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Backyard Blues

by Lanessa Hickman 7 months ago in organic

TikTok creator and foreign expert Alexis Nikole Nelson is helping Black communities return to their roots

photo from @blackforager on Instagram

Black people have long used nature to heal ourselves when segregated hosptials refused, feed ourselves and communities, and live a sovereighn lifestyle. But with the commercialization of gardening and farming upon us, access to gardening tools, seeds, and even plots of land has become scarcer. That's where foraging comes in. Foraging is the act of searching for wild food sources whether that be in a nearby forest, along the beach, or outside of your apartment complex. Alexis Nikole Nelson's foraging TikToks have gone viral since the pandemic first hit in the United States last spring; her videos chronicling nature walks, plant classification, her segment Poison or Sncacc, and cooking her newly foraged flora have garnered well over 400,000 views on TikTok, some even reaching the one million mark. Nelson's content cleverly mixes in her humor and sunny personality to build on a radical tradition of existing in harmony with the land to nourish ourselves and communities.

Nelson isn't only spotlighting rare, edible herbs and berries (or snaccs) but also illustrates the utlity of common leaves, weeds, and seeds that can be spotted in virtually any neighborhood! With food prices climbing and gaps in economic inequality widening, food insecurity is a very real fight for many Americans, particularly Black Americans. According to the USDA, Black households face food insecrutiy at double the rate of non-white households.

In that same vein, food deserts (areas with very little access to healthy food choices) are more common in Black and non-Black Latino neighborhoods. However, foraging can open up a new world of food choices and put the power of food in the people's hands. That would be true freedom— Black and Brown people nourishing themselves with what's in their backyard, sidewalks, and local parks. Of course, foraging is not the cure all to food insecruity or environmental racism, but re-learning to work with our environment as our Ancestors did can be an essential key.

In interviews, Nelson details how foraging has always been a part of her life. She attended an evnrionemtentally conscious school and spent time with her mother in her garden as a child. I have a similar experience: I went to an unconventional private school as a child where Earth Day was just as festive as Christmas (well...maybe Halloween), and as she reminisces on her mother's gardening to "de-stress", I cant help but reflect on the older Black women in my life who also chose gardening as their refuge. Clearly it's in our blood.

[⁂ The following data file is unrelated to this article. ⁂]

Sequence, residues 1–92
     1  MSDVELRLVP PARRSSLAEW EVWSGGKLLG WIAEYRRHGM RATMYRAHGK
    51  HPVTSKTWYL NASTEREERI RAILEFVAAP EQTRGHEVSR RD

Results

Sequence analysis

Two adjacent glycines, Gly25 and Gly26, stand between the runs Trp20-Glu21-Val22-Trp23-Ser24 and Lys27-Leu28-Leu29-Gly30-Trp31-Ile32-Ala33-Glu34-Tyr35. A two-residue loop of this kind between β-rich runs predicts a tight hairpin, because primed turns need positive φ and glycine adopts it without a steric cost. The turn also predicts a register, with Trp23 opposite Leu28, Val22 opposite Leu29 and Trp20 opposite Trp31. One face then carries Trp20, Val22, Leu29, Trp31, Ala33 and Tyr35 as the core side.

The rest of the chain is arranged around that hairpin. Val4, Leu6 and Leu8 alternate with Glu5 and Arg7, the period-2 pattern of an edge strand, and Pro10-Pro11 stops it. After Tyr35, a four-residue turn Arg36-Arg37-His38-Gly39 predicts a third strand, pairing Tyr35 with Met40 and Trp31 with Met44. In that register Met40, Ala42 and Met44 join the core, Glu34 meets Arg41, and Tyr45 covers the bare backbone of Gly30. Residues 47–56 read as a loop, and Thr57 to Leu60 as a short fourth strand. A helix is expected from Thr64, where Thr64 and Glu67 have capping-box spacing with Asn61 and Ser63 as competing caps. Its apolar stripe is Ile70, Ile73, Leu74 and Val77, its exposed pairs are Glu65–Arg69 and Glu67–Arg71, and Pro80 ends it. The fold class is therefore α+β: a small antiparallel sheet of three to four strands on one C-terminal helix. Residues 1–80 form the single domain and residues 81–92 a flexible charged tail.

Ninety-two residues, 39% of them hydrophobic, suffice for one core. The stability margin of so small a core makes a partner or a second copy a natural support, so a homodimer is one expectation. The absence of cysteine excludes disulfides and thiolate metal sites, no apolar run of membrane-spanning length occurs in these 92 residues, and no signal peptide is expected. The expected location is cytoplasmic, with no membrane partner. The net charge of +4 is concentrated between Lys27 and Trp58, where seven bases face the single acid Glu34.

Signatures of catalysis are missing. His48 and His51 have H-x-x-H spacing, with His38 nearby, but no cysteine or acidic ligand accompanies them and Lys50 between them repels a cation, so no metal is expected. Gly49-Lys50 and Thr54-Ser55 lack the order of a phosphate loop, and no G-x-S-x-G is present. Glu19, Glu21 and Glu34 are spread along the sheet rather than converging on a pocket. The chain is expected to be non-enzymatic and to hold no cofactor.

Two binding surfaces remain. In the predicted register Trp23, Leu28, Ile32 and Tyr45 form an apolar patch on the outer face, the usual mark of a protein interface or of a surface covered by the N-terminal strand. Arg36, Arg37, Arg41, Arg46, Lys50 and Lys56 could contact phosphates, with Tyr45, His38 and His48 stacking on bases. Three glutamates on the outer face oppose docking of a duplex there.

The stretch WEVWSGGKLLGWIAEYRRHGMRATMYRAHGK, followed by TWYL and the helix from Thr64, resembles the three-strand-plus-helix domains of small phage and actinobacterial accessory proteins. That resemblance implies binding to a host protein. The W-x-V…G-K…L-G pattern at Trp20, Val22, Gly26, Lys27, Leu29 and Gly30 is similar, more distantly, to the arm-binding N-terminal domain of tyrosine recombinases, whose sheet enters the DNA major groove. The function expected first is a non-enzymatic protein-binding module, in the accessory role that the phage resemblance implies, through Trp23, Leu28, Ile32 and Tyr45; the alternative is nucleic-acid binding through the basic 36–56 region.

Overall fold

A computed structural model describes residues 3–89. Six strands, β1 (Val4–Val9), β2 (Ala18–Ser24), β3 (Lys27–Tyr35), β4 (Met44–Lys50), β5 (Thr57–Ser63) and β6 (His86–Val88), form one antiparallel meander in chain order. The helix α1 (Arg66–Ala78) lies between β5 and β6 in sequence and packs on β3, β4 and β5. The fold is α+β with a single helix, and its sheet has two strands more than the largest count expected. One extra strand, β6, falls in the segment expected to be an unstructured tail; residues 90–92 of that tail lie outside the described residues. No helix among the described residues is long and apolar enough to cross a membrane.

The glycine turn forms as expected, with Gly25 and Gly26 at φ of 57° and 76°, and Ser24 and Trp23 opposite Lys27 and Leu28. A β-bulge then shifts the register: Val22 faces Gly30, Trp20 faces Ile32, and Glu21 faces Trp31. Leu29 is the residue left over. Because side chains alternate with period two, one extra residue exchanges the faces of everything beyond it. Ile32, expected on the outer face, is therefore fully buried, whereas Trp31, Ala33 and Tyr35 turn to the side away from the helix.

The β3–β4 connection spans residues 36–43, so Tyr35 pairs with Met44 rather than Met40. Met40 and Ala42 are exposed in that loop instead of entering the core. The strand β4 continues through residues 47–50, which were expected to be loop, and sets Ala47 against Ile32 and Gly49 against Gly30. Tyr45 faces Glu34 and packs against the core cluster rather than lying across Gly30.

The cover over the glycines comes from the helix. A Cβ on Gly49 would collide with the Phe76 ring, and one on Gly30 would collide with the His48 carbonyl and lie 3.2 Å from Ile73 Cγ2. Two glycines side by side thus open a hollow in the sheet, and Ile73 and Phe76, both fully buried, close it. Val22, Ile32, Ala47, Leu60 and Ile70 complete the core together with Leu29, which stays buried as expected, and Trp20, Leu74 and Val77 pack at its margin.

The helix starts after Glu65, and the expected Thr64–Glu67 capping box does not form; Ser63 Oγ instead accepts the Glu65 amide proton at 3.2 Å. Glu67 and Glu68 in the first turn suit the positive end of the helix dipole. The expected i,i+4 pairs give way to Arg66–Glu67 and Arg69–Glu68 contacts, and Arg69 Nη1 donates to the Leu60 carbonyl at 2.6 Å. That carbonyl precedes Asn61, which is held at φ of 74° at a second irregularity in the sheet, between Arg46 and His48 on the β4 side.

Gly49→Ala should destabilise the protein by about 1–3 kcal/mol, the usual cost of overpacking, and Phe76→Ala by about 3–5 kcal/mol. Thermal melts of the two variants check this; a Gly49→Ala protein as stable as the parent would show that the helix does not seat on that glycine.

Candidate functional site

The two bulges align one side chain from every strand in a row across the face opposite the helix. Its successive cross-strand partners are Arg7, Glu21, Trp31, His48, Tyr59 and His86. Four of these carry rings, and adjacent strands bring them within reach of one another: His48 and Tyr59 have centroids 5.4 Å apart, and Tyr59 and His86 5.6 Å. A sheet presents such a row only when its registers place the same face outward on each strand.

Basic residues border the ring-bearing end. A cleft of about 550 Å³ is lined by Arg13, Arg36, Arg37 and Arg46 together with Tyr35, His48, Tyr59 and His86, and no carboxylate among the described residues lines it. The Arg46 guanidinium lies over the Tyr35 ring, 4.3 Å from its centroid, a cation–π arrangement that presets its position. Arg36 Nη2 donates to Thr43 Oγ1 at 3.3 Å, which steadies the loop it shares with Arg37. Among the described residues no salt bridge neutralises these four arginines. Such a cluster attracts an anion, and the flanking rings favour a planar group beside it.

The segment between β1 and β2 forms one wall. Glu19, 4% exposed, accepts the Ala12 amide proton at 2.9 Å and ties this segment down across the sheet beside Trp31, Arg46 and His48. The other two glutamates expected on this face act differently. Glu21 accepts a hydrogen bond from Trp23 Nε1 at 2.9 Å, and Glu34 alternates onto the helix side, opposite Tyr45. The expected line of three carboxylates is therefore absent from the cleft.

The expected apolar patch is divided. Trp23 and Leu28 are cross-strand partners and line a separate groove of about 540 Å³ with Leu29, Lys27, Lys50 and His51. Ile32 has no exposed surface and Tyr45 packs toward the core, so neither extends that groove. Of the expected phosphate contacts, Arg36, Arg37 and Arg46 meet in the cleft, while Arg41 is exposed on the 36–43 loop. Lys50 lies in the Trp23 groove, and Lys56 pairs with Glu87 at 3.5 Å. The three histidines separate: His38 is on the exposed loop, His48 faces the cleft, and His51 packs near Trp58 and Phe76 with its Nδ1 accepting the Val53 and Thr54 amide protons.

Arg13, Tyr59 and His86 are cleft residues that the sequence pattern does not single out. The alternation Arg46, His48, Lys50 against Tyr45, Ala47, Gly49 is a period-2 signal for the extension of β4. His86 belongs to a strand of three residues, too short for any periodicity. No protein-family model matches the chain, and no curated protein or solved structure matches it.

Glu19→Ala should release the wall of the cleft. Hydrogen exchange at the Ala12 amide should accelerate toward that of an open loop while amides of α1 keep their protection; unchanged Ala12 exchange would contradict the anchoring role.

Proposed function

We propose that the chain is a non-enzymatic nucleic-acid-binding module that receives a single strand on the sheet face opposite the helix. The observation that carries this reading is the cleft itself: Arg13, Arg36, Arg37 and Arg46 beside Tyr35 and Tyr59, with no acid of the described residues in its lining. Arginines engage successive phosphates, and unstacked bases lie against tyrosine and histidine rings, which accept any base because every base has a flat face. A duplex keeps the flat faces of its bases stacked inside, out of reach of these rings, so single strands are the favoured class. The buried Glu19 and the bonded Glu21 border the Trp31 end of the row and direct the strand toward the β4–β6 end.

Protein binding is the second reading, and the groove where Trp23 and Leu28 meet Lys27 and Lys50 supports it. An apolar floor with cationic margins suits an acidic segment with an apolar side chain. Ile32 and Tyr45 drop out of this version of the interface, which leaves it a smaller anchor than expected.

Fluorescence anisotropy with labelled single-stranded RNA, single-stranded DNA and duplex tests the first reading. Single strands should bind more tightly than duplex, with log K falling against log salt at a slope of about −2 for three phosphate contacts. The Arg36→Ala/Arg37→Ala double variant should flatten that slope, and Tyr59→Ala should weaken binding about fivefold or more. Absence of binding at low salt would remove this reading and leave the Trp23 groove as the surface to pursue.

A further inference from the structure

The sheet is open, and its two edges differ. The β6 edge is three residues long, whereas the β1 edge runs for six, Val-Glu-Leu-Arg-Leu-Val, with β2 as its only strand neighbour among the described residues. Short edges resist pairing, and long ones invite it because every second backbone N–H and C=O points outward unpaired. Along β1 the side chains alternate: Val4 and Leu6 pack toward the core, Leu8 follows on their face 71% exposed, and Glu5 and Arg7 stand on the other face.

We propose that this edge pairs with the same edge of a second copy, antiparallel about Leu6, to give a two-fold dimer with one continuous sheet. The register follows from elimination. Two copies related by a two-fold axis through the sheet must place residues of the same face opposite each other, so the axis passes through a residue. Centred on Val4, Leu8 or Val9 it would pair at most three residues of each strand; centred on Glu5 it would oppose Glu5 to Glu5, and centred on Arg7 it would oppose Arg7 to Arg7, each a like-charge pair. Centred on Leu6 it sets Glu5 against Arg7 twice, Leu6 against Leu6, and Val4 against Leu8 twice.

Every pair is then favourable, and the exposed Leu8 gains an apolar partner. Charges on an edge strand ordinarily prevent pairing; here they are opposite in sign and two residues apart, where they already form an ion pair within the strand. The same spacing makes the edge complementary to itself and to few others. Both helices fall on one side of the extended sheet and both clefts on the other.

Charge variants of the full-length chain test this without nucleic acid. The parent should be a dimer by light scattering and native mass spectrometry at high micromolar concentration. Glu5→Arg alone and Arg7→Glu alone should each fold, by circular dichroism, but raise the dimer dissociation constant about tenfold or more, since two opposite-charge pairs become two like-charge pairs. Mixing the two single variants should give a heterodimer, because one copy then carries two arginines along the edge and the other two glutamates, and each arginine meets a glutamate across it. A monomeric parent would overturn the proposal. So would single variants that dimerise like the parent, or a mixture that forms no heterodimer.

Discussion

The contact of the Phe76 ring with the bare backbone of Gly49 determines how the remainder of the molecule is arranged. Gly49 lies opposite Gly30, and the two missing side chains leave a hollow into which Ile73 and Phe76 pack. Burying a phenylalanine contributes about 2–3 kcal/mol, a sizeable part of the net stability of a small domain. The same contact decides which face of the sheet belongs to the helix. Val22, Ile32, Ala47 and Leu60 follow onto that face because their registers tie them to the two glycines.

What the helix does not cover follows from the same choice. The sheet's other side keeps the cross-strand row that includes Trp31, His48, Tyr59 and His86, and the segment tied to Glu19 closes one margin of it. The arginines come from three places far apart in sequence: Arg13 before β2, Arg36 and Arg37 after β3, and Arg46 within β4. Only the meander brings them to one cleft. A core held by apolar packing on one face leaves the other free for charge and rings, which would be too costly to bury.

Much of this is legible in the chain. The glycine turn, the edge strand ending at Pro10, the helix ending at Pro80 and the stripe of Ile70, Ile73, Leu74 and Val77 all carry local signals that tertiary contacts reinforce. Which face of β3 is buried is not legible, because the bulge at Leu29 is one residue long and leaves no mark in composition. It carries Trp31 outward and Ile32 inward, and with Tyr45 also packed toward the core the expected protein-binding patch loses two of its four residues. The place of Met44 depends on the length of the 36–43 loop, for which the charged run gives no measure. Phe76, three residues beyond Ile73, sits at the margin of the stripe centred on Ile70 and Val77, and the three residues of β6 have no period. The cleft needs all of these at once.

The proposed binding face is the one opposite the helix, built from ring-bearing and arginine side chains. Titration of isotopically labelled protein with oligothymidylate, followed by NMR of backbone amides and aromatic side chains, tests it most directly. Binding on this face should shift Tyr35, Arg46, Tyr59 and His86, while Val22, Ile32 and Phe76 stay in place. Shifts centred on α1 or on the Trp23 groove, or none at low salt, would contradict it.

Part of why Nelson's content is so important is because it begs several questions: when did we, as a collective, abandon our relationship to the land? Who has rights to the land we live on? How are we as Black people percieved when we take up space? What conversations about wellness are Black people absent from?

When discussing what it means to be a Black forager, Nelson says "...we do have the right to be reclaiming those spaces... we do have the right to not only be there but to be seen, to be allowed, to be participating in activities on those spaces..." In a recent TikTok video she uploaded, Nelson references navigating the difficult history of slavery, failed recontrusction promises, and anti-foraging laws that have affected Black folks' relationships to nature. Nelson sees herself as a radical, proclaiming in the video, "foraging as a Black woman is an act of rebellion through restoration of knowledge". The restoration of knowledge is a priceless piece to the puzzle of cultural sovereignty and dignity as we continue to seek ways to connect to our roots! Nelson is not only doing a great job of educating, she makes it accessible (what's more accessable than a free social media app?) and fun!

Whether she's aware of it or not, Alexis Nikole Nelson is carrying out one of the prime tenants of the Black Power movement: Each One, Teach One. She exists as a black woman reclaiming her right to exist in this space and nourish herself while teaching others to do the same.

If we all pass on the knowledge we have to our communities, we will have stronger communties.

One wild "snacc" at a time.

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Lanessa Hickman

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Lanessa Hickman
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